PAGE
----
Sheriff's deputies, auditors descend on Harvey's city hall
Friday, March 21, 2014
by Matthew Walberg
Cook County sheriff’s deputies and officials with the state comptroller’s office descended on Harvey’s city hall this morning to comb through financial records in an effort to enforce a watchdog law long-ignored by the scandal-plagued south suburb.
The action comes on the same day the Tribune reported on questionable insider deals in Harvey happening as its appointed comptroller warned that the suburb was heading toward financial ruin.
The deals included $88,000 to a firm tied to the mayor’s son for social media work — the quality of which experts questioned.
That followed a series of Tribune articles in February that documented how Harvey has become arguably the most lawless community in the region, reeling from the effects of high violent crime rates, subpar policing and shaky finances amid ineffectual or non-existent oversight from state and federal authorities.
That included the suburb failing for years to follow a law -- enforced by the state comptroller -- that requires cities and villages to perform yearly audits. Under state law, if a town doesn’t complete its audit, the state comptroller is allowed to hire auditors to do it and bill the town for the work.
About 10 a.m. today, four sheriff’s vehicles arrived at the south suburb’s aging city hall, joined by an SUV and a minivan with state plates. About a dozen people from the vehicles entered the city hall and walked into the office of the city clerk, an elected official whose job includes keeping and tracking the city’s records.
Brad Hahn, spokesman for State Comptroller Judy Baar Topinka, told the Tribune that representatives from the comptroller’s office joined the deputies at Harvey’s city hall "to assist the city with its financial reporting."
He would not say whether its office would review any of the insider deals profiled in the newspaper. He said the agency was limited in what additional details it could give, repeating what it had told the Tribune earlier: that there was an ongoing investigation to which they’ve already forwarded some records.
The comptroller’s office has declined to elaborate on the investigation, or say if it is related to an investigation by the U.S. Securities and Exchange Commission on a failed development deal previously exposed by the Tribune that enriched the town’s comptroller while costing taxpayers $10 million.
Mayor Eric Kellogg was seen going into the city hall about 15 minutes after deputies and auditors arrived. Kellogg said through a spokeswoman that officials had a "very productive meeting with the state's Comptrollers Office this morning." "We appreciate the assistance of the comptrollers office in assisting us as it relates to becoming current with our financial reporting requirements," the mayor said.
Deputies and auditors left at about 11:15 a.m. The move by Sheriff Tom Dart and Topinka comes seven years after another high-profile unannounced visit by outside authorities, that time armed with subpoenas. Then, deputies were joined by county prosecutors and state police seeking evidence that had long been ignored by Harvey police to arrest killers and rapists.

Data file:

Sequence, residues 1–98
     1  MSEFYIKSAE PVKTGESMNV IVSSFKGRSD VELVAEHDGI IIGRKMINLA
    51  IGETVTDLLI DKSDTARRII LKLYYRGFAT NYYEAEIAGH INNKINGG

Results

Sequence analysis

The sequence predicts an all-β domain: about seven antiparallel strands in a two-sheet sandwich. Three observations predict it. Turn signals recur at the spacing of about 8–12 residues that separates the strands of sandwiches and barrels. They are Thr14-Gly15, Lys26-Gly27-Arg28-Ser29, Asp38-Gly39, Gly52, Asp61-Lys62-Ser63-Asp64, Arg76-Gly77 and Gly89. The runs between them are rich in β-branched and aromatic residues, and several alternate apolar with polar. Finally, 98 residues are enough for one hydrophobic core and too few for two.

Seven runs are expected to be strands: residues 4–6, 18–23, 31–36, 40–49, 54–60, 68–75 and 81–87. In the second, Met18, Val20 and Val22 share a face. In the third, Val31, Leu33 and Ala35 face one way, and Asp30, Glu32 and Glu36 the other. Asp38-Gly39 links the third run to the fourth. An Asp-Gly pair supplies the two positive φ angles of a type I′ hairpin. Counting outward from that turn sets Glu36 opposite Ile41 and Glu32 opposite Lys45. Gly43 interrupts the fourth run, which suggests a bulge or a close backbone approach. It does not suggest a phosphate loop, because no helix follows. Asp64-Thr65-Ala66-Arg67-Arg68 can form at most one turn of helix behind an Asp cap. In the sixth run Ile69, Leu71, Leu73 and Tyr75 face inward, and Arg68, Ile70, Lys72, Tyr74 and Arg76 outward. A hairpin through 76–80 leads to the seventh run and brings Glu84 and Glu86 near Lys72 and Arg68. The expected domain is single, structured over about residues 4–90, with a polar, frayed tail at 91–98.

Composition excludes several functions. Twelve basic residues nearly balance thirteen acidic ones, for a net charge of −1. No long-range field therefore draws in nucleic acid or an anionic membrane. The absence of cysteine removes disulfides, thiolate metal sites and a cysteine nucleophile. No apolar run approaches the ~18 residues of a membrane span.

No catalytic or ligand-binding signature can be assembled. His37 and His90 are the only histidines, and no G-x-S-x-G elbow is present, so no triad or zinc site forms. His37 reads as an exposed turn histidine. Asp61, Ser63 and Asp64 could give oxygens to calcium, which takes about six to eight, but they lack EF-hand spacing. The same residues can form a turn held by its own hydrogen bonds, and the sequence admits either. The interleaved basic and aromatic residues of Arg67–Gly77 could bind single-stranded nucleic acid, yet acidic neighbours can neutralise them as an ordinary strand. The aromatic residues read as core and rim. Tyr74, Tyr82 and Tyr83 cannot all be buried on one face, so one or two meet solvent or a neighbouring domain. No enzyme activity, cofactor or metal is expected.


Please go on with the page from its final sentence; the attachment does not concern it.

But while authorities have previously looked inside Harvey’s police department, none have publicly examined its finances. Dart, long critical of Harvey’s policing, has been looking for a way to get a peek at Harvey’s books.
After the Tribune series in February, he pushed county board members to enact an ordinance that would allow him to act as the inspector general for suburbs that failed to file audits.
But that legislation has run into opposition from suburban mayors and politicians, including Cook County Board President Toni Preckwinkle, who say that it is the state’s responsibility to force audits. It’s unclear what level of access his office will be given to the records reviewed today.
When the state comptroller’s spokesman was asked if the sheriff’s office would also be reviewing the records, the spokesman responded that the comptroller’s office would be using its own accountants.
"Our auditors will be reviewing City financial records and working to bring Harvey into compliance with state reporting laws. If the auditors find financial impropriety, that information will be turned over to the appropriate law enforcement agency," Hahn said in an email.
Harvey is four years behind on the audits, making it difficult -- if not impossible -- for outsiders and residents to get a clear grasp of the city’s financial health. Records obtained by the Tribune suggest the city is nearly insolvent — borrowing big in recent years yet still spending millions more than it took in, while starving its pension funds and stiffing the City of Chicago on water that the suburb purchased and resold.
Chicago has sued Harvey. Records show Chicago is owed $18 million for unpaid water bills, about the same amount Harvey takes in from taxes and fees in an entire year.
But Kellogg has bristled at the idea of outside intervention.
Last year Dart offered to act as the city’s inspector general -- an offer eventually made to other suburbs. The Harvey mayor declined the request, calling it "political posturing."